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NCJ Number: NCJ 107228     Find in a Library
Title: Jail Populations and Crime Rates: An Exploratory Analysis
Author(s): G W Sykes ; G F Vito ; K McElrath
  Journal: Journal of Police Science and Administration  Volume:15  Issue:1  Dated:(March 1987)  Pages:72-77
Date Published: 1987
Page Count: 6
  Annotation: This study analyzes the relationship between changes in the jail population and the specific index crime rates in the proximate areas served by these jails.
Abstract: Information on the 100 largest U.S. jails was obtained from Bureau of Justice Statistics data. These 100 jails served approximately 67 cities or towns. The analysis examined the relationship between the percentage change in the jail inmate population between 1978 and 1982 and changes in index crimes per 100,000 population (excluding arson) between 1979 and 1983 for 59 of the original 67 cities. As in previous research, the study found little relationship between changes in jail population and the total index crime rate. In contrast, analysis did provide tentative evidence that increasing jail population has a moderate negative impact on property crimes, especially burglary and larceny, and a weaker impact on aggravated assault as a violent crime. An unexpected finding is that all correlations for each separate index crime are negative, though not significant for murder, rape, robbery, and motor vehicle theft. Directions for future research and implications of the study's results for correctional policies are discussed. Tables and over 20 references.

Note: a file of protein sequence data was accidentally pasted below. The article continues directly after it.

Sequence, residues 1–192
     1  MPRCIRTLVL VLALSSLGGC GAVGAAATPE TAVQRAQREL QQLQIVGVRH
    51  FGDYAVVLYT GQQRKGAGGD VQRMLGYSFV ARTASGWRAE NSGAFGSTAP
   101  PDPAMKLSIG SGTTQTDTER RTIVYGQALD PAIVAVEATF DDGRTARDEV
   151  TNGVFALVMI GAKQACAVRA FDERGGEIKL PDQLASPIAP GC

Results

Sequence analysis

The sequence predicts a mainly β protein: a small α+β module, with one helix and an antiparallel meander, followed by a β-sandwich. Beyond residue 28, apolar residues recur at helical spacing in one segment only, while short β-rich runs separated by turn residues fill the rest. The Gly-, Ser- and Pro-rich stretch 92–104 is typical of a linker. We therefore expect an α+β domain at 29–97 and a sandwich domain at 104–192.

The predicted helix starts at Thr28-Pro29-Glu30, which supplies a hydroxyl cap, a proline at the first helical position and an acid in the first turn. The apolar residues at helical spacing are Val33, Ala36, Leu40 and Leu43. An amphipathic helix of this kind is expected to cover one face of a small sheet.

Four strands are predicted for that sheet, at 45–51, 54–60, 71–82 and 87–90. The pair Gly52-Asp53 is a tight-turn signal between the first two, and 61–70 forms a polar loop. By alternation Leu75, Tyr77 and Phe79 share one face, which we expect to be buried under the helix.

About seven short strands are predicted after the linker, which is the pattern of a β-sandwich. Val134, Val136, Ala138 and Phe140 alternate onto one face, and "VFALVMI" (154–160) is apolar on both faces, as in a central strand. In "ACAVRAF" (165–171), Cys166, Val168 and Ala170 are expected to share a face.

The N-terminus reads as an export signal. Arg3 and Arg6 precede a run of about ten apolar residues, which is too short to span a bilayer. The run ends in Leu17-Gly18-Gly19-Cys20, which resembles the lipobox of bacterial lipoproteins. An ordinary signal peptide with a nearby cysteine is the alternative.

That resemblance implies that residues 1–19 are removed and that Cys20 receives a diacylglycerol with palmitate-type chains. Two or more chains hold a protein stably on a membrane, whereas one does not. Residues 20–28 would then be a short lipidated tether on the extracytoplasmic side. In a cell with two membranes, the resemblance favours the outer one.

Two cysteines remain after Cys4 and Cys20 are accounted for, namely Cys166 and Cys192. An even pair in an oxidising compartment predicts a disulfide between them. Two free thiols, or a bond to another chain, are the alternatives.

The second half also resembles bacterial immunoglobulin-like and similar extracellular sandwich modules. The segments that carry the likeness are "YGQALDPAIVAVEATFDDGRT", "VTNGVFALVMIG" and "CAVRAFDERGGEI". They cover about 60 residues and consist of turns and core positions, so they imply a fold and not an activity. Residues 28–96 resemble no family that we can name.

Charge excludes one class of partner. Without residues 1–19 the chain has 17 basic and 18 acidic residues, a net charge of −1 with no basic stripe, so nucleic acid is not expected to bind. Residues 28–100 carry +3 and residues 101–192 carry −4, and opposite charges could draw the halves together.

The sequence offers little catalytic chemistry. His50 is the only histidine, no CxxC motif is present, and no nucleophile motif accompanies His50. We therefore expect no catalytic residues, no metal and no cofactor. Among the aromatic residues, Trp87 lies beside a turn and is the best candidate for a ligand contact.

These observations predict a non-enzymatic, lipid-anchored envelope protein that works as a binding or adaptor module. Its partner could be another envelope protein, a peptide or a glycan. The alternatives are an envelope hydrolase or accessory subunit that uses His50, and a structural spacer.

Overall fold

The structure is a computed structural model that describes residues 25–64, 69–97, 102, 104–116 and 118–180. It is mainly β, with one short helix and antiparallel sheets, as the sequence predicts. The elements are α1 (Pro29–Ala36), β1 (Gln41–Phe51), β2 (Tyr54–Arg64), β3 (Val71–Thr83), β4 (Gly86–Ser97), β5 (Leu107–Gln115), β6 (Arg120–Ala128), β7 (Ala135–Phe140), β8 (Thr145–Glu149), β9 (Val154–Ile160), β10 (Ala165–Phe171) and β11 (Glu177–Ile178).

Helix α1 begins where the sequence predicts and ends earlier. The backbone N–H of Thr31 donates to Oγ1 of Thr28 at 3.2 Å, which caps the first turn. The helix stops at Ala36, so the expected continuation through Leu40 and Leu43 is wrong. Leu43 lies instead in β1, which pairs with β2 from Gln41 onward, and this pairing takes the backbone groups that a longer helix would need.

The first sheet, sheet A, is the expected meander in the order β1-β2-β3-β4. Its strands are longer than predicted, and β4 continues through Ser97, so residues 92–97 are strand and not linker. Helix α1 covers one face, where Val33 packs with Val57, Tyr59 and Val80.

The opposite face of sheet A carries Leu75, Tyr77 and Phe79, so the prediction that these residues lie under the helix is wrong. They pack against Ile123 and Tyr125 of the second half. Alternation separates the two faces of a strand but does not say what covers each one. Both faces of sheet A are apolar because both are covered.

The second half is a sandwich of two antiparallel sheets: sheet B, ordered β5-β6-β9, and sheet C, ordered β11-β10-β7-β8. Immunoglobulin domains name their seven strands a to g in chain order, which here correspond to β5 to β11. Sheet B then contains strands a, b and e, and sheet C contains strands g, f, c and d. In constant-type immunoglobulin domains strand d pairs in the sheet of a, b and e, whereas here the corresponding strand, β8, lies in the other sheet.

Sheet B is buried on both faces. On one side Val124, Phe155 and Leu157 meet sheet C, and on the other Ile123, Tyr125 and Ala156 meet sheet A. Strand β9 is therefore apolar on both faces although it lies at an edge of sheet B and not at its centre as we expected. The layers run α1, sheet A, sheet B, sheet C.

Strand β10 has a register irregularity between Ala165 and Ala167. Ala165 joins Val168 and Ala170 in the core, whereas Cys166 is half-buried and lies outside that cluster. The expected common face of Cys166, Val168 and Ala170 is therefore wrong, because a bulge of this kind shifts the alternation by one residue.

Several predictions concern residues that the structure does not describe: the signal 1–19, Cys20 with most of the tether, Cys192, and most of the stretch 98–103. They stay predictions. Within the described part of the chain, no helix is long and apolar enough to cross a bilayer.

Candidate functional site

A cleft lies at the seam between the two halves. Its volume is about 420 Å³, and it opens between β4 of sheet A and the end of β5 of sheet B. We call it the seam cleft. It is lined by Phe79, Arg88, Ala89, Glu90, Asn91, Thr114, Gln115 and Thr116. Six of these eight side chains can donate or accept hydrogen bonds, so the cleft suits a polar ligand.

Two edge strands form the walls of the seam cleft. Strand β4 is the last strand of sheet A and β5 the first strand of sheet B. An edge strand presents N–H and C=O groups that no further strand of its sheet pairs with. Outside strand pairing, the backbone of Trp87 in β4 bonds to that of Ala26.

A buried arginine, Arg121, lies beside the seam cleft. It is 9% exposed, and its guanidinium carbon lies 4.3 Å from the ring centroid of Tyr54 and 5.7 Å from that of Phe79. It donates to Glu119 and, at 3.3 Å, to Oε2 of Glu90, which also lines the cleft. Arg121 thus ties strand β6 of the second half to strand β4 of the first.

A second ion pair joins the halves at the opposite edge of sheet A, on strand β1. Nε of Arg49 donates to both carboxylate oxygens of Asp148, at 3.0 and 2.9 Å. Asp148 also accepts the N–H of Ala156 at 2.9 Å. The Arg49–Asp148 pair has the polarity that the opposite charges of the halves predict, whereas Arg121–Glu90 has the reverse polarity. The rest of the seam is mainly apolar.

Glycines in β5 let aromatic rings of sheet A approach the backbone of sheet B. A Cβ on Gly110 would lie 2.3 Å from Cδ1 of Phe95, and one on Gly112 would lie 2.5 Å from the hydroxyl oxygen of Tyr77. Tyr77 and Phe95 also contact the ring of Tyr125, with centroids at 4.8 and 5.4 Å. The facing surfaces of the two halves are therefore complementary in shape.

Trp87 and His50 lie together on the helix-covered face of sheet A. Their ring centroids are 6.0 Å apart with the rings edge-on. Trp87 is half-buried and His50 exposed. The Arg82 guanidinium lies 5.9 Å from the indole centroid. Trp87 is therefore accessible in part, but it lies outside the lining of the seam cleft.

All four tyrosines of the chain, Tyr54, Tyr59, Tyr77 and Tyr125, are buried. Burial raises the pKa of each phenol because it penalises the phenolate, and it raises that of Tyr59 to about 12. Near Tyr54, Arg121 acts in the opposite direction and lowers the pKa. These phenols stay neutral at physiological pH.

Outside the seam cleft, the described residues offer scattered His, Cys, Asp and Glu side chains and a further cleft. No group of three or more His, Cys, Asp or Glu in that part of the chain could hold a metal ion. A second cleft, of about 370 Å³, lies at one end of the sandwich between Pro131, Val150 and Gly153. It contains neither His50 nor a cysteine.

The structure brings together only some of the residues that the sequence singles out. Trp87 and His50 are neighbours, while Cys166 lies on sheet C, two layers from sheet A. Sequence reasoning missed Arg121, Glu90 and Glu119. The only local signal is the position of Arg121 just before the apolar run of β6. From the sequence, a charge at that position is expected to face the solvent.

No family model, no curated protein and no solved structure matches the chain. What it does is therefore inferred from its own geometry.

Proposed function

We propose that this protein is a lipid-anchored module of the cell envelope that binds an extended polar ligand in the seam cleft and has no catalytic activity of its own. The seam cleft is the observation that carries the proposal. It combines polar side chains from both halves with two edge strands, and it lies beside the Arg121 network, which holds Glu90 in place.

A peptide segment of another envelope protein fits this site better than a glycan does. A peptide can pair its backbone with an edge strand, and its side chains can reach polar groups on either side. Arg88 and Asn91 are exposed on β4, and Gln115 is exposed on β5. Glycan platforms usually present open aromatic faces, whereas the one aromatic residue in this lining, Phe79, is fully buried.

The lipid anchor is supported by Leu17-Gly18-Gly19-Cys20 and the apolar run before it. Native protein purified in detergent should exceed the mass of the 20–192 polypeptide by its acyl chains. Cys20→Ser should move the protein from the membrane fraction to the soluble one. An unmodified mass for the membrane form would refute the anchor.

Main Term(s): Selective incapacitation
Index Term(s): Jails ; Crime rate studies
Type: Research (Applied/Empirical)
Country: United States of America
Language: English
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